Skip to comments.China's Maoist Vision: A City Of 260 Million People
Posted on 06/23/2013 6:55:46 PM PDT by TexGrill
On Wednesday, the Standing Committee of Chinas National Peoples Congress will convene. Whats on the agenda? A proposal to fast-track a massive urbanization plan.
Beijing is now placing a big bet on cities. The gamble, however, is unlikely to pay off. It could even sink the Chinese economy and create social unrest.
Today, the Tokyo metropolitan area, home to 37.1 million, can claim to be the worlds most populous urban region. Beijing wants to top that and build metropolises dwarfing anything seen in Japanor anywhere else.
How about a Chinese city of 260 million people? Thats the size of the proposed Bohai Economic Rim, centered on Beijing and Tianjin. Work has already begun on this project with a high-speed railway linking the two cities, which sit next to each other.
There is also a plan to combine Guangzhou, Shenzhen, Dongguan, Foshan, Huizhou, Zhaoqing, Jiangmen, Zhongshan, and Zhuhai in southern Guangdong province. And with those nine cities wrapped into an integrated whole, the adjoining Special Administrative Regions of Hong Kong and Macau cannot be far behind. So instead of a city of 42 million, it would be more like 50 million.
(Excerpt) Read more at forbes.com ...
I was in Beijing last week. Then I drove a couple hours North and a couple hours East after that.
Here’s what I want to know: Where were all of the people? Out of some 30 subway stops in their two main inner loops, maybe 3 stops were packed with people, but even then it wasn’t Tokyo-levels of commuters.
Beijing has highway traffic too, but not traffic jams from overcrowding.
...and there were a few farmers in fields, but just a handful.
I walked the Great Wall for miles without seeing a single other human from horizon to horizon, and the Great Wall is built along ridgelines and over mountaintops so your view is fantastic.
I’m not saying that China was empty. I did see people and even had to wait in a few lines...but I’m wondering where the other 1.3 Billion people went.
You’re right Beijing hasn’t though about all the social implications of urbanization. I met one official touting his urban plan but when I asked him how he would deal with the rise of street crime, he looked clueless. It seemed as if he had never pondered this dilemma before proposing China megacities as the wave of the future.
What? Beijing is no ghost city. It’s really crowded. Did you go on Line 1 Subway during rush hour? I’m from Dallas and once you drive a couple of hours from the city proper, you will find vast empty spaces, just like Dallas. However, the Central Business District is jam-packed 24/7.
Line 1 was not crowded. I spent most of my subway time on Line 2 and Line 5, followed by Line 10 and Line 1 (and then the Airport Express, of course).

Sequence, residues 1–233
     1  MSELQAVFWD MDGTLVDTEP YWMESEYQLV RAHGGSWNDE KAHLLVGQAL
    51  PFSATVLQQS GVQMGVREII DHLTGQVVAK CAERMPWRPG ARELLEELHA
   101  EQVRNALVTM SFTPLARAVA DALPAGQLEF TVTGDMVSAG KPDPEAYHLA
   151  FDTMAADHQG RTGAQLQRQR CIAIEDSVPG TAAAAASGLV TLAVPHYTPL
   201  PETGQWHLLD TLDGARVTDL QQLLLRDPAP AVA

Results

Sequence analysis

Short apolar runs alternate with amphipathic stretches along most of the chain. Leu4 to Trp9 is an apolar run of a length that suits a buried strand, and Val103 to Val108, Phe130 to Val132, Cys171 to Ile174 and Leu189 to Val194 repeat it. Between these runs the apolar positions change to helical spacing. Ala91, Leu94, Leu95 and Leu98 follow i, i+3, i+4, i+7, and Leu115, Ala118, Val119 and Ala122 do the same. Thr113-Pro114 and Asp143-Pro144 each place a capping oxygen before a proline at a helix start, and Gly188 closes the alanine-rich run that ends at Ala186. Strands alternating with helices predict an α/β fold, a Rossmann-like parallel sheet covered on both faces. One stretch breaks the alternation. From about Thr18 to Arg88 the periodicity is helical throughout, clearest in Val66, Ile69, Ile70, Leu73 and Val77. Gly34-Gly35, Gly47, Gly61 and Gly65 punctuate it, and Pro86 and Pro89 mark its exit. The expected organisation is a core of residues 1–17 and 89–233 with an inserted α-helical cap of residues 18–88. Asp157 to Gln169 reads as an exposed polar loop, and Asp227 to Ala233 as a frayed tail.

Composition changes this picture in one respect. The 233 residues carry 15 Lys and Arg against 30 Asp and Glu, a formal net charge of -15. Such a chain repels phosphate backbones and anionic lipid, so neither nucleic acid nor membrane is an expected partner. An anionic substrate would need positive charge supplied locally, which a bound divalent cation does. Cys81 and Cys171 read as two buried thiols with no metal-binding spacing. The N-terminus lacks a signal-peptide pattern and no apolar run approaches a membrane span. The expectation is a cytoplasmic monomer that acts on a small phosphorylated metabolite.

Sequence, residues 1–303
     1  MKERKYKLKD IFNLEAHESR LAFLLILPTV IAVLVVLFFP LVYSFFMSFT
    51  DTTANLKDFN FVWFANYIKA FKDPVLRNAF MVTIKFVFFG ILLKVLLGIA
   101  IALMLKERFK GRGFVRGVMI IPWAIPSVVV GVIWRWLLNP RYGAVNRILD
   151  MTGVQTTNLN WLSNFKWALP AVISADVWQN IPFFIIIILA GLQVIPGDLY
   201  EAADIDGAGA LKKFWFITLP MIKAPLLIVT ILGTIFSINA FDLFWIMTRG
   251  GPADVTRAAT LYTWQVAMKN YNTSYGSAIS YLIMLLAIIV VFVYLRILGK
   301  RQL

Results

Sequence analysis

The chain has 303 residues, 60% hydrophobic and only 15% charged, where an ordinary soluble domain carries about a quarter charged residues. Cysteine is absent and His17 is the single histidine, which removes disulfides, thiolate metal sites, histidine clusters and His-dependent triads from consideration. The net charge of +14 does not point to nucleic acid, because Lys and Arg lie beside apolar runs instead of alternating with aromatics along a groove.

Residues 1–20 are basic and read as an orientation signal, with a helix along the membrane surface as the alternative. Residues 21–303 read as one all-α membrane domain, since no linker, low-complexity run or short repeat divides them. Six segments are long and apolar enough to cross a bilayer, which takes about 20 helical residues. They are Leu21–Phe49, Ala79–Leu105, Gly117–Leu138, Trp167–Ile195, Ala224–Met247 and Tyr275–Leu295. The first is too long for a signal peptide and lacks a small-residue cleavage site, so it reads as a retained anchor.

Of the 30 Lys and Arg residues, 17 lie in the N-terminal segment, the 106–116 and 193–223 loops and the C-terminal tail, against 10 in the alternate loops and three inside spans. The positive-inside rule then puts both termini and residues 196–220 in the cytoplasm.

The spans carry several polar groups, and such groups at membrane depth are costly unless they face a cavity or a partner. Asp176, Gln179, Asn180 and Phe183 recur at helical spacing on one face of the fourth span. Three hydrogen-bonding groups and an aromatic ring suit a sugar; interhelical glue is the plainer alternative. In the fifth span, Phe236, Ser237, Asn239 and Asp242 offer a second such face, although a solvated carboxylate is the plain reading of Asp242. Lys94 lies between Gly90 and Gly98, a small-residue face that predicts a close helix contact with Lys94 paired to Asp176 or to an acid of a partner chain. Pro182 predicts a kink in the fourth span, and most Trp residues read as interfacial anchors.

I started each day at 5 AM and rode on and off until most of the lines closed around 21:00.
I also rode the public bus system extensively. Some buses were full, many were empty.
Street Crime is not a present of future problem for China. It is a homogenous culture with a deathgrip on strong families+values, educated, and they have multiple overlapping layers of police and volunteers throughout.
Was it on the weekend or weekday? Just wondering because I take Line 1 every day and I feel like a cramped sardine. I wish I had your luck when taking the subway.
Exactly..Multicultural societies are ultimately doomed to fail.
I was there Wednesday thru Wednesday for 1 week and made it a point to drive, ride, and walk the city and countryside to maximize my feel for the place.
Which stops are you commuting between on Line 1? If you’ll note, I *did* mention that there were at least 3 of the 30 subway stops on the inner loops that were crowded.
My comparison is to Tokyo, by the way. Shovers employed to push more commuters into Japanese subways to completely fill them up.
Beijing felt more like the London tubes (subway) system...and the countryside seemed less populated than 2 hours North of Dallas (where I have a ranch).
The Left pushes “diversity” and multiculturalism only because it hurts the U.S.
I commute between Dawanglu to Dongdan subway lines to go to and from work. Anyway, next time you’re in Beijing Freepmail me and I can find some crowded places for you. Cool, your from the Dallas area, it would be good to talk to you the next time you’re in Beijing.
I was at the Dongdan subway stop daily, multiple times each day. My hotel was near there.
Now that I think about it. The subway is most crowded on Mondays and Tuesdays and I did notice a drop of passengers on Wednesday-Friday. I recall it raining last week. This might have caused a plunge of commuter traffic. I work nearby the Sheraton Hotel, did you go there?
The population of china was always 15 to 25% of the world's population
Europe's population was 20% of the world's into the 1800s
I believe they already do have similar plans for the mega cities like Mexico City, Bombay, Tokyo each of which have 20 to 30 million in their built-up areas...
...and the countryside seemed less populated than 2 hours North of Dallas (where I have a ranch).
I believe that would place you in Oklahoma, wouldn’t it?
Hope you escaped damage from the recent tornadoes.
Hell NO!! Kung Fu Zombies!
I understand the ‘’mechanics’’ chum. What I want to know is why?